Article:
Two provincial watchdogs issue report calling for better complaint process and province-wide tracking system.
Vancouver (21 Jan. 2010) - Vulnerable B.C. children and youth should have a more effective process to pursue complaints about the services they receive, says a new report by two provincial government watchdogs.
Mary Ellen Turpel-Lafond, B.C.'s independent representative for children and youth, and Kim Carter, the provincial ombudsperson, issued a report Tuesday calling on the ministry of children and family development to take action.
The 62-page report, Hearing the Voices of Children and Youth, focuses on seven areas where it says improvements can be made, including a better process to ensure that complaints are heard.
"They need to know they have a right to complain, that it's OK to complain and there are processes in place for them to do so," the report says.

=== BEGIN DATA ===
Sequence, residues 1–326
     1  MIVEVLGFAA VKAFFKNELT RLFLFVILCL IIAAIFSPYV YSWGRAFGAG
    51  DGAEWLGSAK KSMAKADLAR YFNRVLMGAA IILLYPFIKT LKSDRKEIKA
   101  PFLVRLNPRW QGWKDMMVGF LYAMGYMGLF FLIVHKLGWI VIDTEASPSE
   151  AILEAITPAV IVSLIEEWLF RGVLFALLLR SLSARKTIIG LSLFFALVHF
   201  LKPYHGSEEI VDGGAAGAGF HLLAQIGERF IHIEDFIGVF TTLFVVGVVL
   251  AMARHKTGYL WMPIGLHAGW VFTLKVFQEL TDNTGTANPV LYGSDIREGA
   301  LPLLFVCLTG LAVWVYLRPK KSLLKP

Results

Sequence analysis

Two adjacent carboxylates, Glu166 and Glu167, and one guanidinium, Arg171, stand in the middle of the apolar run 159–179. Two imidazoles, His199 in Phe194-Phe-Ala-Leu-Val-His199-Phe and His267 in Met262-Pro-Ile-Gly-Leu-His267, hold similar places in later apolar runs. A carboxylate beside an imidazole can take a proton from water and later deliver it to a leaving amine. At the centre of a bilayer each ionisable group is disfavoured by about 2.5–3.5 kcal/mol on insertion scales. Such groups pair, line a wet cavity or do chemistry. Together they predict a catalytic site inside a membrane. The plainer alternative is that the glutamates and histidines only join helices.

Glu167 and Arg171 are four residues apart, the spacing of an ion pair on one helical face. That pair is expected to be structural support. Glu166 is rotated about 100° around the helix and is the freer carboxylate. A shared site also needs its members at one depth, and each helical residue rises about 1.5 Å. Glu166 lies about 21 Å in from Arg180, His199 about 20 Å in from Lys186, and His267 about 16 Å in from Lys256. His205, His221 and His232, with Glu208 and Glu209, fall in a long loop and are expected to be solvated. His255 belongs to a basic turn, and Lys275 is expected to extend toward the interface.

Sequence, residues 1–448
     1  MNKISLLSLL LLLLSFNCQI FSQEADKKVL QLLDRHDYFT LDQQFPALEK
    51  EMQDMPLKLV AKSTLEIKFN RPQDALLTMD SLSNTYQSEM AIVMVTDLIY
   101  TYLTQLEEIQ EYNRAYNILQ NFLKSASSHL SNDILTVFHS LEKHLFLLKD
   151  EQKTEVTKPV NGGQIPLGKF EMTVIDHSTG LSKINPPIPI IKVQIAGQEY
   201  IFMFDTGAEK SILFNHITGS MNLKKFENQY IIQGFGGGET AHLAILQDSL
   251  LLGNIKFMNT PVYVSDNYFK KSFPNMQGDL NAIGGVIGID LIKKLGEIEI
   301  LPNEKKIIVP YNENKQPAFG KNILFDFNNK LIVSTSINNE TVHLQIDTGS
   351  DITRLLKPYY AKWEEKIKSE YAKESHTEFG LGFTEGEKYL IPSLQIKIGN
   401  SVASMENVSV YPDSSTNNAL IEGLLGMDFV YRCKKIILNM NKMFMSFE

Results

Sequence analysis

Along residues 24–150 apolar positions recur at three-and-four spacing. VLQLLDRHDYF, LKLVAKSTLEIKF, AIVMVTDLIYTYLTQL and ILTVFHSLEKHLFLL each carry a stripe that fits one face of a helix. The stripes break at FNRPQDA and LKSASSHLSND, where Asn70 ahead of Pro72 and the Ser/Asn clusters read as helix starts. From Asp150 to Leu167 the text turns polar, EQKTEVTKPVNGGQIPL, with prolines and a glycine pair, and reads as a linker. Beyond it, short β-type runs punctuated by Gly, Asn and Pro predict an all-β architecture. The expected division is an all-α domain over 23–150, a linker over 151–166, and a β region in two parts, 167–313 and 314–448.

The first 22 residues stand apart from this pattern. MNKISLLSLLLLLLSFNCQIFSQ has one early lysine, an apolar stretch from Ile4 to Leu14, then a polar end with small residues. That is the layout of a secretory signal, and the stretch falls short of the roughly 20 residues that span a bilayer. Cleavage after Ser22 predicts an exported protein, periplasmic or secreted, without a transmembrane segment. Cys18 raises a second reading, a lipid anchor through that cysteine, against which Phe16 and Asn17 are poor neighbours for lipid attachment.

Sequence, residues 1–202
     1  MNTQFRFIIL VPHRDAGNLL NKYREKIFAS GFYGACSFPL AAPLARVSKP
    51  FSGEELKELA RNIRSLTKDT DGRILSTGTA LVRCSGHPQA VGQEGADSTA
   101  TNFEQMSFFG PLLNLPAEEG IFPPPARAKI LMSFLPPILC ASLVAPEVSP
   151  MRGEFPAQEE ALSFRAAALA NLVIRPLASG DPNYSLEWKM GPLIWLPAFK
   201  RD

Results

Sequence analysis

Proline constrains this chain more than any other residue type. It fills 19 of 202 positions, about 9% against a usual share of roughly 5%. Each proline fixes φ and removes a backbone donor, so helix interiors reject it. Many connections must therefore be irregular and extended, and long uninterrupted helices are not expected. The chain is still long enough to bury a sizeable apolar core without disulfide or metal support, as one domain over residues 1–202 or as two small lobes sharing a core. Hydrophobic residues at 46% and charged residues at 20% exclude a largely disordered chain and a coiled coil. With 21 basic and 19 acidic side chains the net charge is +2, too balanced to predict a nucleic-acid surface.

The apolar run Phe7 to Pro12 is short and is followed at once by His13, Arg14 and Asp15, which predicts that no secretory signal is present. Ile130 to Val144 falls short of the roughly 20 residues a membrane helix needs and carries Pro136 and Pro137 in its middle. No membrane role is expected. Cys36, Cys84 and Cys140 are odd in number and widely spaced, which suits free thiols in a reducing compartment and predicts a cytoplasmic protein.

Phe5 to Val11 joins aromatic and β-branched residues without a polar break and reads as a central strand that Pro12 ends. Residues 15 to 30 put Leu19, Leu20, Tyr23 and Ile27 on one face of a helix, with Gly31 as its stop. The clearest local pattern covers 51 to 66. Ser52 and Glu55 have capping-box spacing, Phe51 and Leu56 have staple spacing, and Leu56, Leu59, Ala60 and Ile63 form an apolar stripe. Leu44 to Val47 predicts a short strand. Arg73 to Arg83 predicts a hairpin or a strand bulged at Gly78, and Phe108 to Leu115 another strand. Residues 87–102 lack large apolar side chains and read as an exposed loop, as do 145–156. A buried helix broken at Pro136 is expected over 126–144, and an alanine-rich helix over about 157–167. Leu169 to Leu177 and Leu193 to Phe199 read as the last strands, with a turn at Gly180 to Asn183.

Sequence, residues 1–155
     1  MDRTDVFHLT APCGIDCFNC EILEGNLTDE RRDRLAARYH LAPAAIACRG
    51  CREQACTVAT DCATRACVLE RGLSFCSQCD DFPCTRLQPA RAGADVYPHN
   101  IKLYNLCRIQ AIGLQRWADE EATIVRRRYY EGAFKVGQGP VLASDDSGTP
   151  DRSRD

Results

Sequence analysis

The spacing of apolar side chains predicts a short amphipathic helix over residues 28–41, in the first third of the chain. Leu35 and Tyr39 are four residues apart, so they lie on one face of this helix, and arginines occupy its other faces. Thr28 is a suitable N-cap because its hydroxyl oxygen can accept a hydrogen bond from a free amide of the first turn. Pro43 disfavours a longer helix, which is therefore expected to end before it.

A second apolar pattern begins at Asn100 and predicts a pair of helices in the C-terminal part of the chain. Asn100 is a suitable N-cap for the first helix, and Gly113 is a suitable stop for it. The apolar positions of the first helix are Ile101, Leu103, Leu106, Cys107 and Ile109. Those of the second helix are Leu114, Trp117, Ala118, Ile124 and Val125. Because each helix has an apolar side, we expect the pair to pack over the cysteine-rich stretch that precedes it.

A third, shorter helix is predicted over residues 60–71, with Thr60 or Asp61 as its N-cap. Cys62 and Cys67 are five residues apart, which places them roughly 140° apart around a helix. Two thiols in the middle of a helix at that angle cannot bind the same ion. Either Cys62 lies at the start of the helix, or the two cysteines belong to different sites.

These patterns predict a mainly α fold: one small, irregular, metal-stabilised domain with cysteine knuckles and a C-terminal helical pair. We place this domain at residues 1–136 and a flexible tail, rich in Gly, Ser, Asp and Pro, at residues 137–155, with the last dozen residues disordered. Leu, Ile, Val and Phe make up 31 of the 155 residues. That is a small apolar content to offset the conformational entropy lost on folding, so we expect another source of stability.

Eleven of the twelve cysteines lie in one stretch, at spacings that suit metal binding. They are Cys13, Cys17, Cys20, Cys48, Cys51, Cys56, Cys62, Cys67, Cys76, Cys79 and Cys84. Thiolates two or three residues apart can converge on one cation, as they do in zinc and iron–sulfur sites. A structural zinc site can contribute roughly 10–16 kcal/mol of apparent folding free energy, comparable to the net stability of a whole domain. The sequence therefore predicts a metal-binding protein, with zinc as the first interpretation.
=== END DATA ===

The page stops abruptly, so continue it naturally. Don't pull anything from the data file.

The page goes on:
It recommends a policy change to ensure that complaints are addressed within 30 days. It also calls for a province-wide tracking system.
Approximately 16,000 children and young people are living outside of their family home at any given time. More than half are in government care.
"When the government is acting as a guardian, it needs to listen as a caring parent would and make thoughtful decisions that consider the views of the child," the report says.
Among the areas identified for improvement by the report are timeliness, fairness, accessibility, consistency, accountability and quality assurance.
The National Union of Public and General Employees (NUPGE) is one of Canada's largest labour organizations with over 340,000 members. Our mission is to improve the lives of working families and to build a stronger Canada by ensuring our common wealth is used for the common good. NUPGE
Hearing the Voices of Children and Youth - pdf